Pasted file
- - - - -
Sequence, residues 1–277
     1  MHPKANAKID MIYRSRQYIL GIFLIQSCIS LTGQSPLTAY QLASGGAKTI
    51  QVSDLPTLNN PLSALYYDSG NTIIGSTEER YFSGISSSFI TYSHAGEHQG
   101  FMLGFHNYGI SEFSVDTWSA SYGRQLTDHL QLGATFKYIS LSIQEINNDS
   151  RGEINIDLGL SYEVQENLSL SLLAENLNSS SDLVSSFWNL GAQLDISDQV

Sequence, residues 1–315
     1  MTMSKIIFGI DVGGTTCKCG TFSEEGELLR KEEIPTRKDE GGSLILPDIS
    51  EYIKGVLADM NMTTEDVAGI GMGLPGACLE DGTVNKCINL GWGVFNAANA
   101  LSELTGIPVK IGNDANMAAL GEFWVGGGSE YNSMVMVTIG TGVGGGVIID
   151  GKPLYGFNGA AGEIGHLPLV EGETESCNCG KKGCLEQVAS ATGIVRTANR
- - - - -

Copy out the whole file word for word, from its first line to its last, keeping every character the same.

Sequence, residues 1–277
     1  MHPKANAKID MIYRSRQYIL GIFLIQSCIS LTGQSPLTAY QLASGGAKTI
    51  QVSDLPTLNN PLSALYYDSG NTIIGSTEER YFSGISSSFI TYSHAGEHQG
   101  FMLGFHNYGI SEFSVDTWSA SYGRQLTDHL QLGATFKYIS LSIQEINNDS
   151  RGEINIDLGL SYEVQENLSL SLLAENLNSS SDLVSSFWNL GAQLDISDQV

Sequence, residues 1–315
     1  MTMSKIIFGI DVGGTTCKCG TFSEEGELLR KEEIPTRKDE GGSLILPDIS
    51  EYIKGVLADM NMTTEDVAGI GMGLPGACLE DGTVNKCINL GWGVFNAANA
   101  LSELTGIPVK IGNDANMAAL GEFWVGGGSE YNSMVMVTIG TGVGGGVIID
   151  GKPLYGFNGA AGEIGHLPLV EGETESCNCG KKGCLEQVAS ATGIVRTANR